Migrants queue outside a facility to apply for asylum,  in Paris, Dec. 21.
Migrants queue outside a facility to apply for asylum,  in Paris, Dec. 21.

Macron’s Tough Migrant Policy Tarnishes Human Touch

Macron’s Tough Migrant Policy Tarnishes Human Touch

It’s getting colder and colder, the clock is ticking and regional authorities are scrambling to meet President Emmanuel Macron’s deadline: get migrants off France’s streets and out of forest hideouts by year’s end.
That won’t likely happen, and Macron’s government is now tightening the screws: ramping up expulsions, raising pressure on economic migrants and allowing divisive ID checks in emergency shelters, AP reported.
Critics contend that Macron’s increasingly tough policy on migrants — though wrapped in a cloak of goodwill — contradicts his image as a humanist who defeated an anti-immigrant populist for the presidency, and has crossed a line passed by no other president in the land that prides itself as the cradle of human rights.
 “Living in the street. Living in a tent. Sometimes you get food. Sometimes you not get food,” said Samsoor Rasooli, a 25-year-old Afghan standing in line since 6 am to apply for asylum at a Paris facility, where some spend the night on the sidewalk, strewn with filth, to keep their place. The door closed at mid-day, the 100 places allotted that day for applicants filled.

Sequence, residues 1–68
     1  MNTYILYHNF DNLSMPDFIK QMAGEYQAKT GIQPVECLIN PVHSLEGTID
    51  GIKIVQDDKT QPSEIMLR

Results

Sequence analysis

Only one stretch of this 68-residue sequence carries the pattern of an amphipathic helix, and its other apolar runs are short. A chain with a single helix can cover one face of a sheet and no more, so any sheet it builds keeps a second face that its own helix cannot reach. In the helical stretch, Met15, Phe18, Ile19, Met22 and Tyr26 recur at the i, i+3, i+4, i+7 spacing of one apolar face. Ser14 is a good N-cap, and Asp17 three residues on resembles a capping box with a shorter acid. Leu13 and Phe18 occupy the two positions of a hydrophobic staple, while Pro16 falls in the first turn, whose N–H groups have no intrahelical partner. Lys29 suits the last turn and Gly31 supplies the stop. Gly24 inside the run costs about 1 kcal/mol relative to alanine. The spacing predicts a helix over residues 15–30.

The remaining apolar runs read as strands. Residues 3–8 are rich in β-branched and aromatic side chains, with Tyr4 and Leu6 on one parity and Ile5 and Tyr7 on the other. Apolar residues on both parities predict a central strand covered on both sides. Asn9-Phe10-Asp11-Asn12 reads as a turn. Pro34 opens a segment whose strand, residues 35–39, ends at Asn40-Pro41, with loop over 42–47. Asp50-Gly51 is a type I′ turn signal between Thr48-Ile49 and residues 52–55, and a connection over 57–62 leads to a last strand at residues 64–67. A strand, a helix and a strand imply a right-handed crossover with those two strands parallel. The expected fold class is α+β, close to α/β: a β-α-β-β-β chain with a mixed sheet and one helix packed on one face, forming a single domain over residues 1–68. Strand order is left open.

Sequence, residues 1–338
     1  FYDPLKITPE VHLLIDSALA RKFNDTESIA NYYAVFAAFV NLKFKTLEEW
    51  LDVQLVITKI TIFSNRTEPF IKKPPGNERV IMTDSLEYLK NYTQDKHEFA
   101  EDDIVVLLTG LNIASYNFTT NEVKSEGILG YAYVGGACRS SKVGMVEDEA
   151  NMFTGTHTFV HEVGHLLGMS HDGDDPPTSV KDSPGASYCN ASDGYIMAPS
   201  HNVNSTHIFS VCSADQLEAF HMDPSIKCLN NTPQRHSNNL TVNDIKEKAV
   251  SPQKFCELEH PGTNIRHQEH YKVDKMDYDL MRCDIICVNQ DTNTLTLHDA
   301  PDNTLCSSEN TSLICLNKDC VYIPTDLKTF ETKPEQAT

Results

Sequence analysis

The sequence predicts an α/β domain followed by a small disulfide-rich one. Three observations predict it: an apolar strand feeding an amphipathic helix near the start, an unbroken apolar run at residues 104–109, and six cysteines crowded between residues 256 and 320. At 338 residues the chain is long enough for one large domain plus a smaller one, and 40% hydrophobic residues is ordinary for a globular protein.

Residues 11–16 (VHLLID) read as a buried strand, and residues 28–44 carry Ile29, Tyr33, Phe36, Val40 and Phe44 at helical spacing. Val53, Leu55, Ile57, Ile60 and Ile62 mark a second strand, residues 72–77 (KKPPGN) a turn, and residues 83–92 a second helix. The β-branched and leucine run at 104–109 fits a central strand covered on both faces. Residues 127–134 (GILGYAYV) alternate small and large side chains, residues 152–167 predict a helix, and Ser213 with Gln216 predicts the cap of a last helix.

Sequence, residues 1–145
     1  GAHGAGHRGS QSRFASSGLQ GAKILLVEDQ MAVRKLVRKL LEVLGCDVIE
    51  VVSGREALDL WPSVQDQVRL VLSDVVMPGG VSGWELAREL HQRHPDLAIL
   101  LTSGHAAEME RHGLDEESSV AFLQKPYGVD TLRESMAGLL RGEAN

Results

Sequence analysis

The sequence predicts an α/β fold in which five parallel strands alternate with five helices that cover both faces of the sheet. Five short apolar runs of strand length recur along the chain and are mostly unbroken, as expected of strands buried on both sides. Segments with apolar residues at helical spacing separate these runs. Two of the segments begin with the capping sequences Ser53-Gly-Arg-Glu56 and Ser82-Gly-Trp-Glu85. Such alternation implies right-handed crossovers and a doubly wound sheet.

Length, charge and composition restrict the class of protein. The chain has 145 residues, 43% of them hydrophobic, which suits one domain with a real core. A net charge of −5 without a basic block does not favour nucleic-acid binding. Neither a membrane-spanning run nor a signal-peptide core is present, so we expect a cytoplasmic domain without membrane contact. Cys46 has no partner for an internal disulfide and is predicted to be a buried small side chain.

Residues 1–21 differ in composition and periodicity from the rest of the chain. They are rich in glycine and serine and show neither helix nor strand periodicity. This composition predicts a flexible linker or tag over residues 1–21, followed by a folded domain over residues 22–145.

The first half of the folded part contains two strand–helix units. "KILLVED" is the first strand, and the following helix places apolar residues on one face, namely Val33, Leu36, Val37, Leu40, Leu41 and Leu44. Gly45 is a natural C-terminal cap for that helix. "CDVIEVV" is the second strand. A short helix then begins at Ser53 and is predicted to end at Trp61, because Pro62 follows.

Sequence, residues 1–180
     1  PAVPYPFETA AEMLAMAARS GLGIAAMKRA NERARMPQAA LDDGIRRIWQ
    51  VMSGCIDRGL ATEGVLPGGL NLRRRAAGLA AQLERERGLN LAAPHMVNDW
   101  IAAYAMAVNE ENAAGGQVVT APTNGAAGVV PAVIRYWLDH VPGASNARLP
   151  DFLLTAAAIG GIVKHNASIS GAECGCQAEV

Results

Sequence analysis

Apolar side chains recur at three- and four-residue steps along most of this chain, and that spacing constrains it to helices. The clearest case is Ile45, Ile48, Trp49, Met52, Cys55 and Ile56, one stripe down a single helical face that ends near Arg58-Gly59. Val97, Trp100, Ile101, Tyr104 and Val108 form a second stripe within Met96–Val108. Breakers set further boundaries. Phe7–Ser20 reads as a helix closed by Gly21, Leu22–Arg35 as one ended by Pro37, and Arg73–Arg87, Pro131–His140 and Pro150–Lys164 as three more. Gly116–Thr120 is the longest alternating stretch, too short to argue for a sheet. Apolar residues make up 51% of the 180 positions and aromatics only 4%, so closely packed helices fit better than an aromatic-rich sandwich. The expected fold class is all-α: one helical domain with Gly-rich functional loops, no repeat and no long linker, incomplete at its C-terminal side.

“It’s winter. I can’t sleep in the street,” Rasooli said.
At home, Interior Minister Gerard Collomb has ordered prefects, regional representatives of the state, to crack down on illegal immigration, “act quickly” to expel those who fail to gain asylum and report results within weeks, according to a November order cited by the newspaper Le Monde.
In a first, a lawmaker from Macron’s young party broke ranks last week with critical remarks about the direction the country is taking on the immigration issue.
“All foreigners in France are not terrorists. All foreigners in France are not indelicate social aid fraudsters,” said Sonia Krimi, to the applause of the opposition.
Even far-right leader Marine Le Pen, defeated by Macron in the May presidential race, sees the direction the government is taking as a “political victory” for her anti-immigration National Front party.

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